When you’re the bassist for Real Estate, one of the most amiable indie-rock outfits of recent times, what do you do as a solo artist? You make something just as pleasantly enjoyable, judging by Alex Bleeker’s first solo album in six years. This is to do Heaven on a Faultline a disservice though, as it’s a collection of homespun sounds that signal Bleeker’s intent to remember the music that made him fall in love with the form in the first place. So what we get is jangling indie-rock reminiscent of fellow New Jersey-ites Yo La Tengo crossed with country folk that honours Neil Young.
And homespun wasn’t used as a mere descriptor here: Bleeker initially made the album in his bedroom, actually finishing it in January 2020 before the world was set alight. After watching Real Estate’s fifth album come out last February and being swallowed by the onrushing COVID-19 pandemic, spending the remainder of that year trying to connect with fans in any way they could, his solo effort has finally seen the light of day.
Given that this was essentially a record for Bleeker himself to explore his music roots, it’s testament to the quality of the songs that they connect to another listener at all. It serves as a warm and gentle amble through his music history, full of grooving bass and twanging guitar. Tonally pleasant tracks like the jangly instrumental ‘AB Ripoff’ and the meandering ‘Swang’ abound. The melodies, simple yet memorable, come to Bleeker with an apparent effortlessness, as on the vintage-tinted ‘Mashed Potatoes’ or the swaying ‘La La La’. The only outlier is the dirty and groovy psychedelic track ‘Heavy Tupper’.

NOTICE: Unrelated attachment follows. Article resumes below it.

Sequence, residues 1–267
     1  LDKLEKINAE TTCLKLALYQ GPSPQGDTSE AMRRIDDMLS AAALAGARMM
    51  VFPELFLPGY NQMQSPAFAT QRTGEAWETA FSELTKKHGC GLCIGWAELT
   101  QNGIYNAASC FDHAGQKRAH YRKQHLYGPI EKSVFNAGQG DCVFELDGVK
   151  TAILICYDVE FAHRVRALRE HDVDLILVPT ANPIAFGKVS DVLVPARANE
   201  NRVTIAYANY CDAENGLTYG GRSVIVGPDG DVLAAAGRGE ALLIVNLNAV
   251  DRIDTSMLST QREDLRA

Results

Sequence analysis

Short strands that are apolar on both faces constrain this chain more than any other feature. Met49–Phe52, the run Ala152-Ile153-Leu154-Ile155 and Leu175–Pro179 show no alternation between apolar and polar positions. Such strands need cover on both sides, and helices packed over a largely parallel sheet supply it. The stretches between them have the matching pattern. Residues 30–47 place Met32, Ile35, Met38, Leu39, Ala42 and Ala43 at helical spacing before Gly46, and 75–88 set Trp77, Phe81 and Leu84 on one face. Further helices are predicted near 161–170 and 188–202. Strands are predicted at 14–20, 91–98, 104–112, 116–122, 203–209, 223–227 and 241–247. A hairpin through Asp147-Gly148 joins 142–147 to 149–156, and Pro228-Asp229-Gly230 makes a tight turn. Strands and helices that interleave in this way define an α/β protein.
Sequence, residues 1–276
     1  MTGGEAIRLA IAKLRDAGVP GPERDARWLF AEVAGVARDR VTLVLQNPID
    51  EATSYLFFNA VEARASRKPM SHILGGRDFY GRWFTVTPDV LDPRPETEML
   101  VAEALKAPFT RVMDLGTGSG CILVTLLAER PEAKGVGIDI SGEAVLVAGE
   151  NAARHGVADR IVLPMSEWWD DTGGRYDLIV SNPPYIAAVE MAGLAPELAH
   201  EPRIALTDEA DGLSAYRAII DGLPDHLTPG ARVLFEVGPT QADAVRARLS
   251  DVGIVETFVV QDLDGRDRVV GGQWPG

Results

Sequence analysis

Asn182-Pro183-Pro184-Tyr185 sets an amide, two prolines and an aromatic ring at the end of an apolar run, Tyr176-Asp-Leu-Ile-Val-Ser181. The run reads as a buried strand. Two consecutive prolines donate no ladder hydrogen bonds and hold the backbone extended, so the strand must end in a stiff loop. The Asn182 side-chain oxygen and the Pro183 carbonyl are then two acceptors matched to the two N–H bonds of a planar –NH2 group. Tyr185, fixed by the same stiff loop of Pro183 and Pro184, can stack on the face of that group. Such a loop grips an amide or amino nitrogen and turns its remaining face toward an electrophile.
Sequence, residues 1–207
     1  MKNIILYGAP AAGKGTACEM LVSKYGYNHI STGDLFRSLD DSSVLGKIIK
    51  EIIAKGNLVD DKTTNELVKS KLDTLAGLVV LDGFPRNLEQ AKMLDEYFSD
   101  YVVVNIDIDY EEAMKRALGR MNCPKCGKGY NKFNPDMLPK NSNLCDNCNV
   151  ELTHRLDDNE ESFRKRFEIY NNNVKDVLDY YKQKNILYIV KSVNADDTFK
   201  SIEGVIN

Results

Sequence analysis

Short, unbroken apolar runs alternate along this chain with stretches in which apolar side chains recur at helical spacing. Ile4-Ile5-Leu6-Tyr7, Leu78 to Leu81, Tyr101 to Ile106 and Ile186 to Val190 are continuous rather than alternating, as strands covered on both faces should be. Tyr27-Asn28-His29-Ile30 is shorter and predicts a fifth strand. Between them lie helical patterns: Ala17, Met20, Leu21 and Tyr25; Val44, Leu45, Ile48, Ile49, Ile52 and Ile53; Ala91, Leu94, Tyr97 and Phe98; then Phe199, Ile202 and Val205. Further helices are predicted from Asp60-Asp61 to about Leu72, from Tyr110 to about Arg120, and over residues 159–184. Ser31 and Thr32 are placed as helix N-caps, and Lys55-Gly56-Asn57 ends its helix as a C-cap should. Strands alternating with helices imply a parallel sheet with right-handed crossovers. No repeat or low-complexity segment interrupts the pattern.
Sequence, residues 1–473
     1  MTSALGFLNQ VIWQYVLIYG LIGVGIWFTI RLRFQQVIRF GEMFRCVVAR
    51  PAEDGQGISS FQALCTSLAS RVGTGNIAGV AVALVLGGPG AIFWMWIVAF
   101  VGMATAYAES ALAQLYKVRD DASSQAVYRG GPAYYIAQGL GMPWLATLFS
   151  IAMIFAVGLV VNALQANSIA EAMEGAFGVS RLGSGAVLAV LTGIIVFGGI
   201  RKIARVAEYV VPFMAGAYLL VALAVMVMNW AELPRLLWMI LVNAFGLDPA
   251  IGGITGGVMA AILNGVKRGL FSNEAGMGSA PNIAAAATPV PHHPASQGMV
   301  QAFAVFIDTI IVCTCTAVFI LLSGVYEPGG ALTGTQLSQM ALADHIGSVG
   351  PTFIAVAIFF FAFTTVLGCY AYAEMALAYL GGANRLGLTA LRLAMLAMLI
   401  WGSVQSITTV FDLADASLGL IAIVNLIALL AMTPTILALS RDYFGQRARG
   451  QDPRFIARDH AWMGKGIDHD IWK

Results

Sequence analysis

Heaven on a Faultline is an album of transitions. Lyrically, Bleeker deals with the anxieties of a changing world: ‘D Plus’ may contain chiming guitars but it was written on the day of Donald Trump’s presidential inauguration; the jaunty ‘Felty Feel’ sees him considering climate change and his feeling of powerlessness in the face of it, marking the juxtaposition of bleak words and upbeat rhythms with a certain passivity: “Let’s just not talk about it/ Seriously what’s the use/ Don’t mean to be a downer/ But there’s nothing I can do.”
Bleeker also uses the album as a way of processing his geographical roots. The double hit of ‘Tamalpais’ (itself a peak in California) and ‘Twang’ are his musings on leaving behind the East Coast for California; “I can’t find the rhythm,” he sighs on the latter. He ends the album with ‘Lonesome Call’, a cry from the dust bowl, a sweet acoustic folk number. Bleeker appears to be a man stuck between places and feelings: “You had a 20th century style but it’s the 21st century now,” he says to a character in ‘Mashed Potatoes’, but it could easily be a remark tossed his own way. Yet it shouldn’t be any other way: as music increasingly moves towards post-genre chaos, a gentle reminder of the qualities of the former century’s finest musical styles is welcome. Bleeker may never make a record that is overpowering, but what this little collection of guitar highlights does do is make you want to retreat to your own room and record with the instrument immediately.